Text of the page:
The Iranian National Tax Administration (INTA) has put forward a proposal to tax digital asset exchanges operating in the country. The authority calls for the legalization of their activities, fearing restrictions could negatively affect tax collection.
Tax Agency Wants to Obtain User Data From Authorized Exchanges
Seeing an opportunity to use exchange transactions as a basis for taxation, the INTA has urged regulators in Tehran to legalize crypto trading platforms. In an excerpt from its draft proposal quoted by Iranian media, the tax authority insists:
Legalizing crypto exchanges is necessary [for levying tax]. Legal operations must be limited to authorized exchanges that are allowed to convert currency while keeping track of transactions.
The tax administration also warns against imposing stringent measures regarding crypto exchanges as it believes they would have “reverse effects” and create conditions for a black market to form. At the same time, the INTA stresses that regulations must envisage penalties for entities that refuse to provide it with their users’ records.
INTA Proposes Three Tax Regimes for Iranian Crypto Exchanges
Iran’s tax agency has prepared three tax regimes that can be applied to digital currency trading platforms – “tax on capital gain, fixed base tax and occupational tax,” the English language news outlet Eghtesad Online detailed. The proposal does not elaborate on the precise taxing mechanisms for exchange operators.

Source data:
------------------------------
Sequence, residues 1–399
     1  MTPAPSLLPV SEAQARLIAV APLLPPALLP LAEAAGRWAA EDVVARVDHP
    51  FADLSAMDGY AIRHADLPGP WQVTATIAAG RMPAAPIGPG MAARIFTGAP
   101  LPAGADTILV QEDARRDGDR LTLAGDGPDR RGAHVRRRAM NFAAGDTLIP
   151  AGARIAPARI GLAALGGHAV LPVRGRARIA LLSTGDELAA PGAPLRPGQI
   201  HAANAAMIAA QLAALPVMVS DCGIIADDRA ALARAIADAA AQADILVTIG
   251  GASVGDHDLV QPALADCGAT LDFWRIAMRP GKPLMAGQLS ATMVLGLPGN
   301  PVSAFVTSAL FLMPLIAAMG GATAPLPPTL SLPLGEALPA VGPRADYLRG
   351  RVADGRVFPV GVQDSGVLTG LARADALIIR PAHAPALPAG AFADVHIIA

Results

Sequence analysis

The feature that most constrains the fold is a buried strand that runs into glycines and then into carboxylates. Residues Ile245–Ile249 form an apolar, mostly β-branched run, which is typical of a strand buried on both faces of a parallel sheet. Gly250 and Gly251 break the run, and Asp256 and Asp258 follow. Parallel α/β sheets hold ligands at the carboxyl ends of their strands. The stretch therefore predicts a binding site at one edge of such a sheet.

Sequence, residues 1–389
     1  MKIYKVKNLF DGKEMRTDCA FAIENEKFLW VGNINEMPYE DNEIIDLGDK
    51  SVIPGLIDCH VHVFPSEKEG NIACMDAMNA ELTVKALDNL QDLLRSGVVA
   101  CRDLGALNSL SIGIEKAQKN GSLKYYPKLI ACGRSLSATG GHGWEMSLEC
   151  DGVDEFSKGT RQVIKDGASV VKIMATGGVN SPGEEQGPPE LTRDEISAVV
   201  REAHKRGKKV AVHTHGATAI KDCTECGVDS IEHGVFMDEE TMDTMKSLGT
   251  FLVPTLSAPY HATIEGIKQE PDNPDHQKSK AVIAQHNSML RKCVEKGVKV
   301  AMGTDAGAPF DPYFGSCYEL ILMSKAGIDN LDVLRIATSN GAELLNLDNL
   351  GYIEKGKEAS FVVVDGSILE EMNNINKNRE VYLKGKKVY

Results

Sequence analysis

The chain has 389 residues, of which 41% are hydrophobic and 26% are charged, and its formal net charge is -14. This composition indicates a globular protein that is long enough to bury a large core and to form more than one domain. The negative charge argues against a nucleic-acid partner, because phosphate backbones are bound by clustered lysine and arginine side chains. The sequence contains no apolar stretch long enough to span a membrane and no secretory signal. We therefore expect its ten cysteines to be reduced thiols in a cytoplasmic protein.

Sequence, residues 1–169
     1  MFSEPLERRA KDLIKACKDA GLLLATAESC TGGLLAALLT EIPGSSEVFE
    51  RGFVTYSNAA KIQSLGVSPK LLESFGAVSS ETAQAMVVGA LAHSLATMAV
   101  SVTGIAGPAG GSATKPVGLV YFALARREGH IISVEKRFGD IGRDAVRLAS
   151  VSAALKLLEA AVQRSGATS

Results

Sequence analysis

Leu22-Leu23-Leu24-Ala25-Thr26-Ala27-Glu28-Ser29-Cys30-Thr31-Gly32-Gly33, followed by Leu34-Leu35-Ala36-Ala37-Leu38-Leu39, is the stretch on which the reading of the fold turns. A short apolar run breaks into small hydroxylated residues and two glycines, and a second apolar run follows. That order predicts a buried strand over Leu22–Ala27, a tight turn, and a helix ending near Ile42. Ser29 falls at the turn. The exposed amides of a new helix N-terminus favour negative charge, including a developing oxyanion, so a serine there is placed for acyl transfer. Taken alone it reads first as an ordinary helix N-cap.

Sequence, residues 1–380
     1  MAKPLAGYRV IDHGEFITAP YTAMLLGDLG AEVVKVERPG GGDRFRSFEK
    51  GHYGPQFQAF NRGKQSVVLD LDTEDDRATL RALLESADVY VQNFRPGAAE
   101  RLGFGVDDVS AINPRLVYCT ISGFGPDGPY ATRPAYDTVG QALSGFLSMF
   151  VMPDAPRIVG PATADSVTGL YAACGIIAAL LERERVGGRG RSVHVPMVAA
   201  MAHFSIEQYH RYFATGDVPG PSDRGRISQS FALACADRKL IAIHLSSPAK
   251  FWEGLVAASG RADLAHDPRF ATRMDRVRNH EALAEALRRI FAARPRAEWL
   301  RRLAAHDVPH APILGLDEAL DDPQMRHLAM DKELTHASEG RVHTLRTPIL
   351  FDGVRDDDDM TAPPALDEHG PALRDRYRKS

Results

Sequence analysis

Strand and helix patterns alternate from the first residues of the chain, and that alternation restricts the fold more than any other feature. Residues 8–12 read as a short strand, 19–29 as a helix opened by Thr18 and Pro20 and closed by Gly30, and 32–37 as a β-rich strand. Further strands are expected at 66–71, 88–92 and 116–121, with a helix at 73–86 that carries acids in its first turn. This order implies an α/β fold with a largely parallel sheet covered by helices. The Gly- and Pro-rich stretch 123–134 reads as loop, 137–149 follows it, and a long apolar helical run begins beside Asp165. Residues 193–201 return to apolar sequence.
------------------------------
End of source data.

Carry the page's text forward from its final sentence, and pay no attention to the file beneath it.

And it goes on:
Another key element concerns decentralized digital asset exchanges. Iranian tax officials want to introduce a cap on the transactions that can be processed through this kind of platform, in line with existing anti-money laundering regulations in the Islamic Republic.
If the Iranian government accepts the tax authority’s proposal and suggestions, cryptocurrency trading will join mining and become another regulated bitcoin-related activity. In 2019, Tehran recognized the minting of digital coins as a legal industry and soon after, the INTA introduced rules for the taxation of miners.
Iran has so far licensed several dozen mining entities and they are obliged to pay the same taxes as companies involved in other industrial activities, with few exceptions. Just like non-oil exporters, for example, mining businesses are eligible for tax exemption if they repatriate their overseas earnings. However, tax regimes taking into account the location of industrial units and their distance from major cities do not apply to the crypto mining industry.
The rising popularity of cryptocurrencies has worried officials in Tehran as digital assets have attracted capital from traditional markets. In mid-May, the leadership of the Iranian parliament asked the tax agency to profile the owners of domestic crypto exchanges. Around the same time, the Iran Fintech Association warned that restricting crypto trading would deprive the sanctioned nation of opportunities.
Iranian authorities have been trying to curb crypto-fiat trading although banks and moneychangers were allowed to process cryptocurrency minted by licensed miners inside Iran to pay for imports. And earlier this month, legal experts from the president’s administration stated that crypto swapping is not banned in Iran.
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